London’s class on The BBC considers how Britain reinvented public service broadcasting through their national television and radio channels. Today, the BBC faces challenges about how to remain relevant in the face of satellite broadcasting and streaming platforms, but continues working toward its mission “to inform, educate and entertain”. Students explore how programs like The Office and EastEnders have a distinct social agenda; how diversity in front of the camera shapes international conversations over identity and inclusion; and how new styles of programming like mockumentary and ‘reality’ TV are developed and tested…even as the BBC remains the world’s largest news organisation and Britain’s major sport broadcaster. Here, Spring 2020 student Jack Baldinger reflects on the corporation’s sporting content.
BBC Sport: Entertaining, Informing, Possibly Educating
by Jack Baldinger
The BBC takes pride in its commitment to public broadcasting and is dedicated to its ethos “to inform, educate, and entertain”. This commitment to public service broadcasting shines in their sport department.
The BBC aims to be a broadcaster for everyone in the UK. It does so by implementing a unique way of blending traditions of spectating and the sensationalized view we have now. The bulk of their sport content comes under the last of their three goals, as its main objective is to obviously entertain. The BBC has decided to commercialize and sensationalize some sports that you thought you would never want to watch on TV, including activities like darts. This falls back to the BBC’s core identity as a public broadcaster paid by the people for the people. It shows the diversity of their content and that there is something for everyone to watch, whether you’re an avid sports watcher or just putting something in the background while you’re cooking.
In addition, this ideal of inclusivity is continued as the BBC uses a hybridity of cross-genre entertainment aspects, employing ideas from game shows to keep people who are interested in sports entertained. A good example is the show “A Question of Sports”, which is a game show with sports trivia. This is also the case with “Match of the Day”, a program that aligns as much with the genre of sport as it is a talk show. (I would also like to add how horrific I find their virtual set to be. It’s too almost to the point of distracting for me.)
Anyway, the BBC has a distinctive way to produce content that is more down to earth with the spirit of the game and is less commercialized, with fewer interruptions during the broadcast. There are fewer ads coming all over the screen and less sponsored content, which gives people more of a spectator feeling than observing from afar. The BBC is also different from the pack with their purposeful popularization of sports that otherwise wouldn’t be involved or include spectators, such as the aforementioned darts and other sports like snooker.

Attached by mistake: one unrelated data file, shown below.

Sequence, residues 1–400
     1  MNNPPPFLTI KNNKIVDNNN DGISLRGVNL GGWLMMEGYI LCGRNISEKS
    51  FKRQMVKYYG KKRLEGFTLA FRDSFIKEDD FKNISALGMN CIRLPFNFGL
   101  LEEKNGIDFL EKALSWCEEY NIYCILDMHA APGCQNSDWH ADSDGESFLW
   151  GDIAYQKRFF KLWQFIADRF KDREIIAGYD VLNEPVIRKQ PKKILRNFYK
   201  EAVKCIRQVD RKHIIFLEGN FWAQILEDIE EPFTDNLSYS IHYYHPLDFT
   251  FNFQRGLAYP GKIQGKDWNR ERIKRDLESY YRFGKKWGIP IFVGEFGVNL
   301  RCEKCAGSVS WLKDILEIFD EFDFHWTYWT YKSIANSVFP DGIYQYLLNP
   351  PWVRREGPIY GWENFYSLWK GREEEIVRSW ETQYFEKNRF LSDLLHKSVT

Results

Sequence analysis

The BBC’s big push on sports has payed off. The department’s production is in line with the news production in its prestige and place in the BBC network of subdivisions, as well as its cultural standing within the UK and abroad. The BBC has created an unquenchable thirst for sport within the UK and has the ability to use their global reach to expand Britain’s international presence. This goes back to our examination the other week of how the British government uses the BBC’s prominence to continue pushing the view of England as the superpower it once was. With the BBC broadcasted in many countries and their sports content able to be seen online in such a simple way, people all over the world can see sports in the BBC’s high standard and production value, harking back to the once mighty colonizer and serving as a form of soft diplomacy.
With the desire to entertain at its core, the BBC has created a way in which to blend a true sport event with high entertainment to create value for its viewers by providing a wide range of sport. Whether BBC Sport content also fits the broadcaster’s mandate to educate is something I always have a hard time with, as the question comes up a lot. Defining something as ‘educational’ is a matter of which context you are viewing it in. If I am trying to learn how to hone my tennis skills, then then yes, watching the sport being broadcast is educational because you can see the best of the best playing at the top level. On the other hand, simply watching the sport for the excitement of competition like most people do isn’t educational, because you are not taking anything way from the broadcast other than excitement and competition. But someone could argue that you learned about a player’s life or about how exciting the game can be if it’s your first time watching. Commentary will always leave you with some tidbit or fact; by learning something, it can be considered educational.
What I’m trying to convey is that watching sport broadcasting is, at its core, meant to be entertaining. But one could say that while a match broadcast may not educational, the shows that follow the genre are. You can learn something from the show “Question of Sport” because it is a show about sports knowledge and trivia. In addition, you could learn something informational from the show “Match of the Day” if the virtual set doesn’t distract you too much. In conclusion, defining something as ‘educational’ is tricky and easily argued — ultimately, BBC Sport highlights the overlap in the British Broadcasting Corporation’s triad mission “to inform, educate, and entertain”.